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A Happy Life Leads to a Happy, Healthy Heart

Emma Goddard
by Emma Goddard Published on January 27, 2015

While it might be obvious that looking at the glass half full is the best approach to living your life, new studies have been released proving even further that both optimism and having friends help keep your heart healthy. Basically, as long you're staying social and reminding yourself that the grass is always greener, you're more likely to have better cardiovascular health. Seems simple enough, right?

Researchers at the University of Illinois recently conducted a study and found that of the 5,100+ subjects, those who had had higher levels of optimism had better heart health scores.

Assessing the participants' cardiovascular health across a range of measures, researchers discovered that happier individuals had better blood sugar and total cholesterol levels than their counterparts.

On the other hand, the Annals of Behavioral Medicine published a study revealing how having friends and being social also benefits your heart health. As if the news about being happy for a healthy heart wasn't already good enough. Researchers at Concordia University conducted the study by observing a group of international students who had moved to Montreal over a five-month period.

The student participants had their heart rates measured when they first arrived in Montreal and researchers tracked how their social lives improved or hurt their heart health. "The results showed that those who managed to build a better support network were healthier overall," according to a press release from Concordia University. Students who were able to make more friends and maintain a steady social life had an increase in heart rate variability while those who remained more isolated had a decrease in heart rate variability. So it seems safe to say that staying positive and bonding with your peers will lead to a healthier life.

How easy is it to be happy?

However, is it really that easy? After all, like the international students who moved to Montreal, I too recently moved to New York City, and I already know how difficult it is to make friends when you're completely new to an area. On top of that, adjusting to a new social scene and learning where I fit in has probably made me a bit more of a pessimist than usual, though I like to think I'm a pretty happy person overall. Really, I'm not a Grinch.

So seeing that, if I had been a participant, I might have fit in with both of these studies, I thought it would make sense if I worked with all of you out there by discussing ways to improve your/my heart health. How? Well for starters, taking up classes like yoga and going to the gym in general should help make your life a little more zen.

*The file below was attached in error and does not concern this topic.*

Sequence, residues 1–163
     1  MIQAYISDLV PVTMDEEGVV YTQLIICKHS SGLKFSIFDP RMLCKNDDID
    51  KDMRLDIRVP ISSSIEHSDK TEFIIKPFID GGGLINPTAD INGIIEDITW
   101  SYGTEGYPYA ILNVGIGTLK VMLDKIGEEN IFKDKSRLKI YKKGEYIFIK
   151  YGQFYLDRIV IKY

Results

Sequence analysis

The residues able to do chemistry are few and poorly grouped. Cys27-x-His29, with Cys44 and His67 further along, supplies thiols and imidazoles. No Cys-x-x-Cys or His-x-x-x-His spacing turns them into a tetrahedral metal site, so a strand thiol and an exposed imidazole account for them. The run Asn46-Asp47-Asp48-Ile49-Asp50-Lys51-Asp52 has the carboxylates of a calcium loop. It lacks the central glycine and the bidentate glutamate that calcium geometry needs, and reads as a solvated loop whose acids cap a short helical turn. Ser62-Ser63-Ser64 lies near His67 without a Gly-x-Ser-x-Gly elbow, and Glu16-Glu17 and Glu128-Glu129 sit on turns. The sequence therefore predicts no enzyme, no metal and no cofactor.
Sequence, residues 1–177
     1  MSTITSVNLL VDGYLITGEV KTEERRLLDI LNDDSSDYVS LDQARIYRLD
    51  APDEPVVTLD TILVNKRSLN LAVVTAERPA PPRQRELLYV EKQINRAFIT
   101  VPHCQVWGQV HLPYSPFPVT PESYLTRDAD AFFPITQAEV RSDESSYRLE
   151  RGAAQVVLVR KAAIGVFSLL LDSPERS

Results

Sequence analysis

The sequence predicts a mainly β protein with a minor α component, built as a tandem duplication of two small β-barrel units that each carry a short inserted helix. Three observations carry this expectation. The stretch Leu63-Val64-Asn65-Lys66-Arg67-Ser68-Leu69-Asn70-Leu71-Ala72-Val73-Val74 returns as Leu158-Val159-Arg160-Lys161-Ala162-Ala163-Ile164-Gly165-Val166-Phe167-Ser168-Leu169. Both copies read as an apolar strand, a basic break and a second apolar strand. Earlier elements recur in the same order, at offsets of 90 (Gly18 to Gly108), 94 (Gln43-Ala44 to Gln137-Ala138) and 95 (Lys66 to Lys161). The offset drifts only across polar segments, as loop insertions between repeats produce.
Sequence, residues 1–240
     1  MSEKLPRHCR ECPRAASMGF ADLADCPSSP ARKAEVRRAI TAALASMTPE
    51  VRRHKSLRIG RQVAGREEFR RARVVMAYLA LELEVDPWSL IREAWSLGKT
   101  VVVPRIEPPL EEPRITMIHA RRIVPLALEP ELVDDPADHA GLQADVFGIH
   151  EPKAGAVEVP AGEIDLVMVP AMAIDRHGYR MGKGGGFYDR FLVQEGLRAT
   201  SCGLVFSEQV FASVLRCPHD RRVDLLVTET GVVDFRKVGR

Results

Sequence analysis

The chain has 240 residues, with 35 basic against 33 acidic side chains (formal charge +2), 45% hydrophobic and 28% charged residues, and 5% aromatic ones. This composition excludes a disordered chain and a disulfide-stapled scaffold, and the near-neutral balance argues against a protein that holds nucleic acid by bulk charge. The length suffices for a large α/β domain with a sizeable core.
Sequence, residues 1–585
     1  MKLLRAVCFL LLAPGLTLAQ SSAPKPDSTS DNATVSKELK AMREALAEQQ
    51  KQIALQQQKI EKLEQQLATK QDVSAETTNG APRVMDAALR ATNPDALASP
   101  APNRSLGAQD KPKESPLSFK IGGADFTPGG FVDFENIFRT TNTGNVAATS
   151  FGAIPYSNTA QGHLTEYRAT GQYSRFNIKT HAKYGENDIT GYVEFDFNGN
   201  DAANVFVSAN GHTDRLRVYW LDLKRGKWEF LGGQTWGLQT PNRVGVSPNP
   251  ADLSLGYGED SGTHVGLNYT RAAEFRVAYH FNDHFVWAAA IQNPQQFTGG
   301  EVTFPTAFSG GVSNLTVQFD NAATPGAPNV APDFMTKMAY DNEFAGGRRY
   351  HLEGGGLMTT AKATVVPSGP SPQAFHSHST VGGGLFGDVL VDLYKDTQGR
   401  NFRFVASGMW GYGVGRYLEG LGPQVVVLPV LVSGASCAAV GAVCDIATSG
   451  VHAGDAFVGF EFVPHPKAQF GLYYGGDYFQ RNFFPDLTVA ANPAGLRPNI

Even meditating and drinking green tea are ways to make you feel more relaxed and less stressed, and we all know that taking your stress down a level can help improve your attitude and allow you to have a better outlook on life. Additionally, doing simple things like reflecting on the good moments in your life, even if you're experiencing a rough day or even week, can bring you back down to earth. I know that can be difficult (trust me, I've been there), but taking some time to remember that hey, things aren't as bad as they seem, can make a whole world of difference.

As for making friends and being more social, there are plenty of things you can do. Whether that means inviting your co-workers out to lunch to get to know them better or breaking the awkward silence in the elevator by talking to someone in your apartment building, these simple life changes can make your heart health that much better. In the office kitchen making coffee?

Comment on how cute that girl's dress is or ask that guy in the office if he saw that movie that premiered this past weekend. Though it's super cliche, even talking about the weather will help you get your foot in the door when it comes to making new friends.

As much as I know how easy it is to get yourself into a slump, I've also come to realize over the years that it really takes more effort to be in a bad mood than it does to simply take a breath, release that bad energy and be happy. A happier life and better heart health? Sounds good to me!

What do you do to make yourself happier? Tweet us @wewomenUSA!

This article was written by Emma Goddard. Follow her on Twitter @egoddardhokie.

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